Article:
Atheists, agnostics, religiously indifferent, secularists, rationalists, skeptics and others who identify as religious unbelievers gathered to commemorate the birth of their atheist society. They convened to mark the one-year anniversary of the Atheist Society of Nigeria (ASN). Attendees were mainly from Lagos but one participant came all the way from Kaduna and another from Ibadan, to be part of the celebration.
It can be recalled that last year, the Corporate Affairs Commission (CAC) formally recognised the ASN as a legal entity after a long hard struggle. Before then, the CAC had rejected or frustrated attempts and initiatives to register overtly non-religious, atheistic or nontheistic organizations. After several applications for incorporation, the agency eventually approved the registration of the atheist society.
So it was the first time that an officially known atheist society in Nigeria was registered with the government. And since after its registration, the ASN has recorded tremendous growth in membership and activities. It has established a website and enlisted hundreds of members across the country. And in November last year, the ASN organized its first national convention in Lagos with some international guests in attendance. In fact, ASN remains the flag bearer of atheism and free thought in the country.
According to the organizers, some months ago, they thought of staging an event to mark their one-year anniversary. Some members were of the view that the incorporation of the ASN was an important landmark and deserved to be celebrated. They eventually chose to have the party on April 1, which was curiously the April Fools’ Day.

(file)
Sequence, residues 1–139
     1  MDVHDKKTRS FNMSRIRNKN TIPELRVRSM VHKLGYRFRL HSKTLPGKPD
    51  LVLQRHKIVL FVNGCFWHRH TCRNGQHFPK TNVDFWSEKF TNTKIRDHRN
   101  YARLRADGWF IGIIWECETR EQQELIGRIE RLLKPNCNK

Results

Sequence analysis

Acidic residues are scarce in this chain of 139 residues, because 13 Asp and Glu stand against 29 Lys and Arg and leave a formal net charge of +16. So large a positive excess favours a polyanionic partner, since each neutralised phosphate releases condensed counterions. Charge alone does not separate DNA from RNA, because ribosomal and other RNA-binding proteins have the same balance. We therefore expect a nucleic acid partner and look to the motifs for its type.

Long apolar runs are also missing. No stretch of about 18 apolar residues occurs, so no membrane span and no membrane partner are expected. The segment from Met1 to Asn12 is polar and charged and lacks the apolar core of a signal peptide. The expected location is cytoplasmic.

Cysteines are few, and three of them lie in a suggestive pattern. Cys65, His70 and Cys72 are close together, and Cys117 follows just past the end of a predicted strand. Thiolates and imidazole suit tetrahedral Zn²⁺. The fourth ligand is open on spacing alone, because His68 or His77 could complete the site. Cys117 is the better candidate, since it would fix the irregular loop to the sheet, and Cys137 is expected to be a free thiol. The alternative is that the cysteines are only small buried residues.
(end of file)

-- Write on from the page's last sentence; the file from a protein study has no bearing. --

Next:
One of the organizers noted that they agreed to do the event on April 1 because atheists were often regarded as fools for disbelieving in god. So it was in order to celebrate atheism and religious unbelief on this day! Getting to the venue of the event was an adventure for many of the attendees especially those who were not familiar with Lagos. All participants made a ten-minute ride across a river in an engine boat. Unfortunately for this writer, the boat ride took about thirty minutes because the engine broke down midway into the ride.
The day started with a breakfast. All the delegates sat around a table and took the breakfast together. Apart from the meals, which the attendees shared as one family and community, there were three games. The first was a Bingo game. Each player had a bingo card that was a matrix of five squares by five squares. The Bingo caller sat in the front with a device that noted the numbers that had been called. The game began and the caller used a mechanical device to select and call numbers at a random. As soon as a number was called, all the players marked it on their tickets. The winner was determined when one or several of the players completed the winning bingo pattern. It continued until one player had covered a vertical, horizontal, or diagonal pattern of five grid spaces on their card. There were many winners and they went away with prizes.
Then there was a drink relay. The game took place at the swimming pool in the hotel. The delegates were divided into 5 teams and representatives from the teams competed to finish beer, malt, whiskey, coke, and water. All team members drank and then walked across the pool to tag the next team member. The tag involved a handshake. Each team decided which of the liquid to start with. Prizes were also won at the end by of the game.